• Intramedullary (spinal cord) tumors.
  • Other causes of syringomyelia are resolved medullary abscesses (collections of pus located in the spinal cord) or tumors that compress the cord from the outside (meningiomas).

Symptoms of syringomyelia

The symptoms of syringomyelia develop so slowly that patients can rarely pinpoint its beginning, which goes back many years before diagnosis. Some cases emerge from this general rule in which a specific event such as trauma or childbirth rapidly aggravates symptoms, alerting patients. The most common is that the first signs and symptoms appear after 30 and subsequently have a progressive course.

The cyst or intramedullary cavity is usually located at the level of the cervical spinal cord, causing symptoms in the neck, arms, and upper chest. As they grow in size, the first thing affected is sensitivity to temperature and pain, producing thermal and painful anesthesia (the patient loses sensitivity to pain or temperature, preserving touch). The consequences of this are a greater probability of accidentally suffering painless burns and wounds, located mainly on the arms.

Depending on the distribution that the cyst adopts in its expansion, other symptoms appear, such as chronic pain (it can affect the head, neck, arms, or even the back and legs). Alteration of the muscular reflexes of the components, loss of strength, loss of muscle mass (muscle atrophy), involuntary muscle contractions (muscle spasms), uncoordinated movements, decreased or no sweating in different parts of the body or what is known as Horner syndrome. Horner’sHorner’s syndrome is characterized by the existence of a drooping eyelid (ptosis), a small pupil (miosis), the sinking of the eyeballs (enophthalmos), and the absence of sweating on the affected side of the face (anhidrosis).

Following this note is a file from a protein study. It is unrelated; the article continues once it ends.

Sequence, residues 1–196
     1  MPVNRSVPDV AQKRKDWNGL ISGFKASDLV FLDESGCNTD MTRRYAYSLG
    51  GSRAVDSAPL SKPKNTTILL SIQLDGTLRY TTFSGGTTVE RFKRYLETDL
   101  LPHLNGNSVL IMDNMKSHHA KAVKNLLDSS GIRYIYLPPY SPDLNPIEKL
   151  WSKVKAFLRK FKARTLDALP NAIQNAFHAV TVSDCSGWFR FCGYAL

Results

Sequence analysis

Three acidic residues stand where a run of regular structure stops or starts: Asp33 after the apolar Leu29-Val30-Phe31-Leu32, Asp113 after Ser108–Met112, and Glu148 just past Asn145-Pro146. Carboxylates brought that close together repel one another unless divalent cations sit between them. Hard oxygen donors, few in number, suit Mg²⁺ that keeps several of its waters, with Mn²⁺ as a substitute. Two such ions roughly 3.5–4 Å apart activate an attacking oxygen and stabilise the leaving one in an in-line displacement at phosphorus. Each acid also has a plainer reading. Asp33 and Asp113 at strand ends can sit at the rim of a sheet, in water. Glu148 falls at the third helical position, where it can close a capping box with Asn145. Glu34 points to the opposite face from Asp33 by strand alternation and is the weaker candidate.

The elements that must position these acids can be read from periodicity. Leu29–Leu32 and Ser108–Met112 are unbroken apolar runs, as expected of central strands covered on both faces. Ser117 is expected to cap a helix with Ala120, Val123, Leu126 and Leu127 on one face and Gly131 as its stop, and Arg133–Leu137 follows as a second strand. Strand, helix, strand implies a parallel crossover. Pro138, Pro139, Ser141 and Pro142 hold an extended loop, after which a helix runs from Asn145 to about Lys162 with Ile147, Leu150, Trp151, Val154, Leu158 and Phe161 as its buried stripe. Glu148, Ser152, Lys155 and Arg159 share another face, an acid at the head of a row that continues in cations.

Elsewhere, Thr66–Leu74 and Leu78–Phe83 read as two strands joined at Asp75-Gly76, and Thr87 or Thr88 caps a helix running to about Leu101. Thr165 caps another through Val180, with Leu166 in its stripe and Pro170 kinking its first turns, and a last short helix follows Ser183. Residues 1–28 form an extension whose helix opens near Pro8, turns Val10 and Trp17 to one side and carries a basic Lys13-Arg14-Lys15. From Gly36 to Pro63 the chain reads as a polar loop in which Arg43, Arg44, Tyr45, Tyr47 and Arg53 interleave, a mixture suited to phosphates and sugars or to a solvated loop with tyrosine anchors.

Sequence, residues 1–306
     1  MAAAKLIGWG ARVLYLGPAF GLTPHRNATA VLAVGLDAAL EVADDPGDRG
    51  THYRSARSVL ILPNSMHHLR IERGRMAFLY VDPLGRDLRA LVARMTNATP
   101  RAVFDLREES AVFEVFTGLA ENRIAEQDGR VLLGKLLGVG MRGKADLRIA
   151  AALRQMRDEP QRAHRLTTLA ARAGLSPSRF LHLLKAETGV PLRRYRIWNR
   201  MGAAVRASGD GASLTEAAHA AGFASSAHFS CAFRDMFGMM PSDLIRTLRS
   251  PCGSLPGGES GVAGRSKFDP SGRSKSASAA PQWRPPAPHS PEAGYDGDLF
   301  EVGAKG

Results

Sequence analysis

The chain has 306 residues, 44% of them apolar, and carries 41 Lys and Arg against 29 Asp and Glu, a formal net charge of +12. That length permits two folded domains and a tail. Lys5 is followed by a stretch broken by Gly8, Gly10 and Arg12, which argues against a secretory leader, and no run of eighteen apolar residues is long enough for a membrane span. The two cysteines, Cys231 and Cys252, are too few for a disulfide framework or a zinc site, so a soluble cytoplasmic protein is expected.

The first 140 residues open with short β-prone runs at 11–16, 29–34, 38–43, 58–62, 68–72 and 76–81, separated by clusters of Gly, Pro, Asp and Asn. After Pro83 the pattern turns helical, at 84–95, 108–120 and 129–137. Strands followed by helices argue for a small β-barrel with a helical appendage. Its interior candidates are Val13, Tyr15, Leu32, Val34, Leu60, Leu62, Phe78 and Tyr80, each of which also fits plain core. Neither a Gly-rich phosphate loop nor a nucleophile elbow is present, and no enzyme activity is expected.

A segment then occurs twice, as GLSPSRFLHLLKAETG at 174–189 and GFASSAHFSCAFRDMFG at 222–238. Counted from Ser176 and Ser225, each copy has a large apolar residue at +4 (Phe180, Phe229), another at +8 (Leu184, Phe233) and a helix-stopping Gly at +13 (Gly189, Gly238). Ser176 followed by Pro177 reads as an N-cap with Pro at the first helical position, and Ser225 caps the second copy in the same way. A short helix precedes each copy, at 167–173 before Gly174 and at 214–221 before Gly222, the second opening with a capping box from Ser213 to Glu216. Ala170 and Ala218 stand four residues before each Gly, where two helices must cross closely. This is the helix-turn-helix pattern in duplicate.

If the cyst extends superiorly, higher areas of the central nervous system may be affected, such as the medulla oblongata or the cranial nerves, producing, among others, atrophy of the tongue, dysphonia, difficulty swallowing, respiratory disorders, or trigeminal neuralgia (pain facial). The involvement of the medulla oblongata by syringomyelia can be fatal if the respiratory center is significantly affected.

The appearance of symptoms below the spinal level at which the injury is located is due to damage to the nerve pathways or spinal cords that are at that height. The most common symptoms are spastic paraparesis (slight difficulty in performing limb movements associated with muscle spasms and stiffness) and impaired reflexes.

In addition to the symptoms of the intramedullary cyst, patients may have symptoms and signs derived from those abnormalities associated with syringomyelias, such as scoliosis (deviation of the spine) or Arnold-Chiari malformation. In this way, headache, neck pain, or dizziness may appear. Finally, it should be remembered that some syringomyelia is completely asymptomatic and are discovered as a chance finding on magnetic resonance imaging or autopsy.